Williams, Bedford hope trading places works Two players try to leave troubled careers behind

October 10, 1992|By Alan Goldstein | Alan Goldstein,Staff Writer

SHEPHERDSTOWN, W.VA — SHEPHERDSTOWN, W.Va. -- A new town, a clean slate.

That was the underlying message in the trade Thursday night that sent Washington Bullets forward John Williams to the Los Angeles Clippers for veteran center William Bedford and rookie forward Don MacLean of UCLA, the 19th pick in the 1992 NBA draft.

Both Williams and Bedford, who was traded by the Detroit Pistons this June, come to their new teams with personal problems that seriously cloud their basketball future.

In fact, Bedford, a lottery choice by Phoenix in 1986, has created so many doubts in his six unproductive seasons, that Bullets officials regard the 7-foot-1 center as merely a possible bonus in the trade. The Bullets consider MacLean, a record-setting scorer (2,608 points) at UCLA, the key ingredient.

The Clippers, meanwhile, are uncertain which John Williams will surface this season. Once labeled a future NBA All-Star, Williams, who turns 26 later this month, has been trying to get his career back on track since suffering a knee injury in December, 1989.

Plagued by weight problems, the former LSU star was suspended without pay the entire 1991-92 season after Bullets doctors judged he was unfit to play. This decision was later supported by an independent NBA arbitrator.

Coach Wes Unseld, who initiated the trade in talks with Clippers coach Larry Brown, said, "The upside is that a persistent distraction is no longer with our team."

In past negotiations, there were contingency clauses based on Williams' weight. But this consideration was finally waived by the Clippers, who believe Williams, a native of Los Angeles, will be more motivated to play in his hometown.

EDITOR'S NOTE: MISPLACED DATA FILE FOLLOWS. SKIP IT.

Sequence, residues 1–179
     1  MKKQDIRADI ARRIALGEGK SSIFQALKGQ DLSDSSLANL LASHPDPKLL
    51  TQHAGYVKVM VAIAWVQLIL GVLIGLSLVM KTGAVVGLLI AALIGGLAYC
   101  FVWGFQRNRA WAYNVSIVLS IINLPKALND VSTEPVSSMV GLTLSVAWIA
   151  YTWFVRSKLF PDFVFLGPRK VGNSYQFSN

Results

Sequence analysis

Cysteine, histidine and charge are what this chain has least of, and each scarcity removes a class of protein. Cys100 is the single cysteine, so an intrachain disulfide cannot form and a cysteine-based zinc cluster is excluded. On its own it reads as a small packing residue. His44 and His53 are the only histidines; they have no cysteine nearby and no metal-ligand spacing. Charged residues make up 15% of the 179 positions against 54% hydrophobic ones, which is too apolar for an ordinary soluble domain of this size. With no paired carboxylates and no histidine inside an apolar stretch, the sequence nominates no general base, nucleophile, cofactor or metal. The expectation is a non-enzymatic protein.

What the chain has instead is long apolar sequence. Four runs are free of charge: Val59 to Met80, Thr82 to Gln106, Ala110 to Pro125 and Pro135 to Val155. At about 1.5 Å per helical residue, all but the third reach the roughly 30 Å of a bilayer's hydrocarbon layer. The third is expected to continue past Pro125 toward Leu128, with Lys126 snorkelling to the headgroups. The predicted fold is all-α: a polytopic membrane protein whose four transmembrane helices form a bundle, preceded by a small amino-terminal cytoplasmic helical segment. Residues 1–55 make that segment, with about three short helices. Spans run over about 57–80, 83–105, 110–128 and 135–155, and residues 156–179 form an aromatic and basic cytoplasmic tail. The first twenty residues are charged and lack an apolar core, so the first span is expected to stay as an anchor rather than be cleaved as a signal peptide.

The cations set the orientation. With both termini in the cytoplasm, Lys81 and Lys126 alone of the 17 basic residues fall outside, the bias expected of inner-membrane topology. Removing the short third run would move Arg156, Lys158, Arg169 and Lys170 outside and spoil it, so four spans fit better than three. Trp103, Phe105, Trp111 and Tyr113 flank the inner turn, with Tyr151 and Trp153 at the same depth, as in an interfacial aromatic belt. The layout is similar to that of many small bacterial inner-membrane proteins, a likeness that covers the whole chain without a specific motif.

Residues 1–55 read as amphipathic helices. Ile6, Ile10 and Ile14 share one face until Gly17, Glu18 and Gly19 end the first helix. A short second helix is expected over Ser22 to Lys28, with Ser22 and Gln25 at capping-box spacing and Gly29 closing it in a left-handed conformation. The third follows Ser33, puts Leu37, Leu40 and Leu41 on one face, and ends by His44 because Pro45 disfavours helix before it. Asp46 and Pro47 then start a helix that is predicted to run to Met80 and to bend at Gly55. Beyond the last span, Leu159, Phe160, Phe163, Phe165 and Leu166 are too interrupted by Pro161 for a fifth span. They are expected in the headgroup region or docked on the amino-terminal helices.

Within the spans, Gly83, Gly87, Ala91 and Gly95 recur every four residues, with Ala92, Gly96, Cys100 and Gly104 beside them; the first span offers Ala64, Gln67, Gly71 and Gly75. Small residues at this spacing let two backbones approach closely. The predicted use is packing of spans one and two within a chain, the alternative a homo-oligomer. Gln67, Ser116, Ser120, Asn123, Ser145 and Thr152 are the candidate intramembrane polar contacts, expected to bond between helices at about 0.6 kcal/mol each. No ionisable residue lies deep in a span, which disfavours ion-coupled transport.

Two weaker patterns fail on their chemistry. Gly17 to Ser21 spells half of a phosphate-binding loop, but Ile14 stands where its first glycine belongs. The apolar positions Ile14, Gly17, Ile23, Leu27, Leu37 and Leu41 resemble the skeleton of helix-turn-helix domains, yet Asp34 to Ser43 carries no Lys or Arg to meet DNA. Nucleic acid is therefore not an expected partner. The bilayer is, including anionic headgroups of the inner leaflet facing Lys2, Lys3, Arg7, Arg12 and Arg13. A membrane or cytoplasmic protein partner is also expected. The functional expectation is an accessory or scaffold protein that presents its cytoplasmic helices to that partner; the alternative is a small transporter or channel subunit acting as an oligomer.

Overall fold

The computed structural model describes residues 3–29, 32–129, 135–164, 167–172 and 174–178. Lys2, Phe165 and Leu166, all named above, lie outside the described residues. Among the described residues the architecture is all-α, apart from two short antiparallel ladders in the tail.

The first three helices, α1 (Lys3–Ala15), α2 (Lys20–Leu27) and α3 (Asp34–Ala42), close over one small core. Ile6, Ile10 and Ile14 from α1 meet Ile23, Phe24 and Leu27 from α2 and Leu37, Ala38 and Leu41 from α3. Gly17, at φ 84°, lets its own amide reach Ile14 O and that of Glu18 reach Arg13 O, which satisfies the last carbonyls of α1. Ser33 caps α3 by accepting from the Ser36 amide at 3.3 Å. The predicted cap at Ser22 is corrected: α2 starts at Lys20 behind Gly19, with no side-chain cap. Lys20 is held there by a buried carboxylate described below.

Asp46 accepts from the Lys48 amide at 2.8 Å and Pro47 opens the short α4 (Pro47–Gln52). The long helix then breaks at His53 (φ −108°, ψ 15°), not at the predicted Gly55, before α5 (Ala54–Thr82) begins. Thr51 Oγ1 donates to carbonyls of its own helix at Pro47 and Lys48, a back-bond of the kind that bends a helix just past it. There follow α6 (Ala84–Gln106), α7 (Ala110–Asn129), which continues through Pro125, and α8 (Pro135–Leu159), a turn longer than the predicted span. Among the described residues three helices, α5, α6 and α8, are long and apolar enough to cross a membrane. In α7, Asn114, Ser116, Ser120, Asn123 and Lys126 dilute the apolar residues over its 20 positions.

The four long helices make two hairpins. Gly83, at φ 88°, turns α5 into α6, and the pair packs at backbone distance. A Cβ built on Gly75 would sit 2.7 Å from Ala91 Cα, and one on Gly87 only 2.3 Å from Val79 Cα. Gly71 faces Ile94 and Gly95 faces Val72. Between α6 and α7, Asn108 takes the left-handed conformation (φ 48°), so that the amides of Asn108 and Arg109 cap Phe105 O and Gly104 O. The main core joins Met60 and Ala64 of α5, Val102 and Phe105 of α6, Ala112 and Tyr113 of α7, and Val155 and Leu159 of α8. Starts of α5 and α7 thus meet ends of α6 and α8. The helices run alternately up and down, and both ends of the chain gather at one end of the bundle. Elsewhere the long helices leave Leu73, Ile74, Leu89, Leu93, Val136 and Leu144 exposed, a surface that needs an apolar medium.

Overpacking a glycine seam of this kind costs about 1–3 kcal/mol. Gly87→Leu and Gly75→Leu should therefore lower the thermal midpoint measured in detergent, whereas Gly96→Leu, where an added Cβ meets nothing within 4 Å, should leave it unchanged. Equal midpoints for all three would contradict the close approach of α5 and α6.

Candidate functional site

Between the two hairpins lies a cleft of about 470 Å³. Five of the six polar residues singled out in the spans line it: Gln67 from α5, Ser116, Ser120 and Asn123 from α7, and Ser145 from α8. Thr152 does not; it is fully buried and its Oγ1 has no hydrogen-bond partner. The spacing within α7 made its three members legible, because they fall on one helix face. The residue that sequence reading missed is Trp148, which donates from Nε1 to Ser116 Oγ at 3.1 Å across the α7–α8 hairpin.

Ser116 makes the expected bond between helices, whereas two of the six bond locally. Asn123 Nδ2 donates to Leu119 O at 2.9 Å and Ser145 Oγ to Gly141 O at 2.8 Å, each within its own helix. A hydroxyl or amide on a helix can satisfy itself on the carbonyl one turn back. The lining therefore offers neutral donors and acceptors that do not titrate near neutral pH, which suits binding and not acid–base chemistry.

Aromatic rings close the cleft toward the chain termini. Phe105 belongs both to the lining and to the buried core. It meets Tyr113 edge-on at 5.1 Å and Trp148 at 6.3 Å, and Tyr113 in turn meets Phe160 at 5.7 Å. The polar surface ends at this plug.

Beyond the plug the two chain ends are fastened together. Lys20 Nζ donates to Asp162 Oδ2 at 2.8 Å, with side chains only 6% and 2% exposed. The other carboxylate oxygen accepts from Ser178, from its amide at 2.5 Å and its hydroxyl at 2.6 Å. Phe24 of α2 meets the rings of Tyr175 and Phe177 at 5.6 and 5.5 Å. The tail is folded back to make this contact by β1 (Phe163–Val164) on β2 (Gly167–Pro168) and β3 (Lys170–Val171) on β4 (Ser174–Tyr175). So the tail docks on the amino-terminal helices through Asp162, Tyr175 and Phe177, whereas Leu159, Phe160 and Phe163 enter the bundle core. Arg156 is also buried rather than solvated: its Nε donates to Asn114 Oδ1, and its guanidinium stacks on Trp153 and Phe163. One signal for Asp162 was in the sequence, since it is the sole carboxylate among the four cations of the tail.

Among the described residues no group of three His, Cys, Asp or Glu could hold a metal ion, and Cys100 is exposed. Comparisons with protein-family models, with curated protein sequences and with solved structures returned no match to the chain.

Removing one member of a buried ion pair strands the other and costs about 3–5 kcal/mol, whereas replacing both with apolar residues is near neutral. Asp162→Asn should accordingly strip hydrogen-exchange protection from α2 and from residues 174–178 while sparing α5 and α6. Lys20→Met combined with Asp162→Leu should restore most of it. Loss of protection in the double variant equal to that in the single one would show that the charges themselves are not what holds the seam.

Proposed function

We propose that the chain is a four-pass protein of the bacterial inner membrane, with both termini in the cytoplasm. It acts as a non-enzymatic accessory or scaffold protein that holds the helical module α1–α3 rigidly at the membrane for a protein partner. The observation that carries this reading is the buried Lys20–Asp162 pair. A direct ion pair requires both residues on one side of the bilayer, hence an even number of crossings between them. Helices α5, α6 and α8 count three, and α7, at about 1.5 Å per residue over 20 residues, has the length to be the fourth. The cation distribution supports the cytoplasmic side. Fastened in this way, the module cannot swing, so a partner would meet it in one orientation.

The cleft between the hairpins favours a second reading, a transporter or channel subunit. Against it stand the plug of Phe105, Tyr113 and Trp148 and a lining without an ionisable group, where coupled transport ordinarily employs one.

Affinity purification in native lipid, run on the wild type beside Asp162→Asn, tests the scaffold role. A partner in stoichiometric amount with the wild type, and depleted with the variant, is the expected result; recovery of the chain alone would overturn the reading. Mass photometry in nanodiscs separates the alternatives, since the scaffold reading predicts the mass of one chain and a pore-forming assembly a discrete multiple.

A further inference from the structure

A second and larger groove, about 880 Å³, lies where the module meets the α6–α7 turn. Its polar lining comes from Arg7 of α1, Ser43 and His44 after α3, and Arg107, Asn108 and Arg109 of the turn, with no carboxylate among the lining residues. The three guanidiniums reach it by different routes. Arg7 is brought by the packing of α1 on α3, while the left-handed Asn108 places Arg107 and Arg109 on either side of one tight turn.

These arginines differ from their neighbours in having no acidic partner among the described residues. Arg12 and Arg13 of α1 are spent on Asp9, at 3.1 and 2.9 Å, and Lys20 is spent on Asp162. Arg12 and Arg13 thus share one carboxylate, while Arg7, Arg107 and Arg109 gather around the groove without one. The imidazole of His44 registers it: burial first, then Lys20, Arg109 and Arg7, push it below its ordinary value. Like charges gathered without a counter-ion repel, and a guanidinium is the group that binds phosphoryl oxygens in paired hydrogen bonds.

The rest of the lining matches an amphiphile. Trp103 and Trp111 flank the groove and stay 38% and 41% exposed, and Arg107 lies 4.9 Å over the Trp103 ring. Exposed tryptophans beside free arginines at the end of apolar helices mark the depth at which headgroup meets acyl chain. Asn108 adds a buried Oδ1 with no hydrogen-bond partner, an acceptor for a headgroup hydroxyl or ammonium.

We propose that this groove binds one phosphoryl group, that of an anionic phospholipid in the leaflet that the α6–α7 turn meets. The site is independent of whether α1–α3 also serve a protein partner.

General manager John Nash and Unseld wished Williams success in his new surroundings.

"Hopefully, he'll get his game back together in Los Angeles," said Nash. "I don't think that would have happened in Washington."

Asked if he were frustrated by Williams' unfulfilled promise as a Bullet, Unseld said, "No, my real concern was possibly seeing a talented young man lose a fortune in money and an opportunity to be comfortable the rest of his life."

Williams, drafted 12th overall after only two collegiate seasons, and Bedford were part of a star-crossed 1986 NBA draft.

Drug problems would claim the life of Len Bias, the No. 2 pick by the Boston Celtics, and the careers of Chris Washburn (Golden State) and Roy Tarpley (Dallas). Bedford, from Memphis State, was chosen sixth by the Phoenix Suns. The Suns were plagued && by drug problems in 1986-87 and traded Bedford to Detroit the following year.

Bedford missed the entire 1988-89 season because of drug problems and dramatic mood swings that are now controlled by medication. In the past three years, Bedford has played sparingly as backup to Pistons center Bill Laimbeer.

A Bullets official said Bedford has only one year remaining on his Pistons contract, at a reported $900,000. He likely will have to prove himself quickly to Unseld or be traded again. Bedford was expected to arrive at training camp late last night.

The Bullets still have to sign MacLean, but Nash said he will continue to pursue the negotiations MacLean's agent, Art Tellum, was conducting with the Clippers prior to the trade.

It is estimated Tellum has asked for an opening-year salary of around $500,000 and would not require the Bullets to use Ledell Eackles' $780,000 salary slot that is still being reserved for their own first-round selection, forward Tom Gugliotta of North Carolina State.

Once considered a likely lottery choice, MacLean's stock fell his senior year with his offensive statistics and an unimpressive performance against Indiana in the NCAA tourney.

MacLean, an excellent perimeter shooter, and Gugliotta are both viewed as small-forward types, with Gugliotta possessing superior passing and one-on-one skills.

"In a way, we're adding three first-round picks to our roster," said Nash, alluding to veteran guard Rex Chapman, a No. 1 pick by the Charlotte Hornets in 1988 who played only one game for the Bullets last season after being acquired in February in exchange for forward Tom Hammonds.

With nine frontcourt players listed among the 13 top roster candidates, Nash has hinted strongly of another trade, with a two-way guard his prime target. Forward Larry Stewart, the Coppin State grad who made the all-rookie second team last year, could be the bait.

NOTES: Harvey Grant left camp early yesterday to join his wife, Beverly, who was in labor and about to give birth. Pervis Ellison and Buck Johnson sat out with back pains. Free-agent forward Reggie Cross reported for work. All of the players completed the required 1 1/2 -mile run, with Michael Adams leading the pack.

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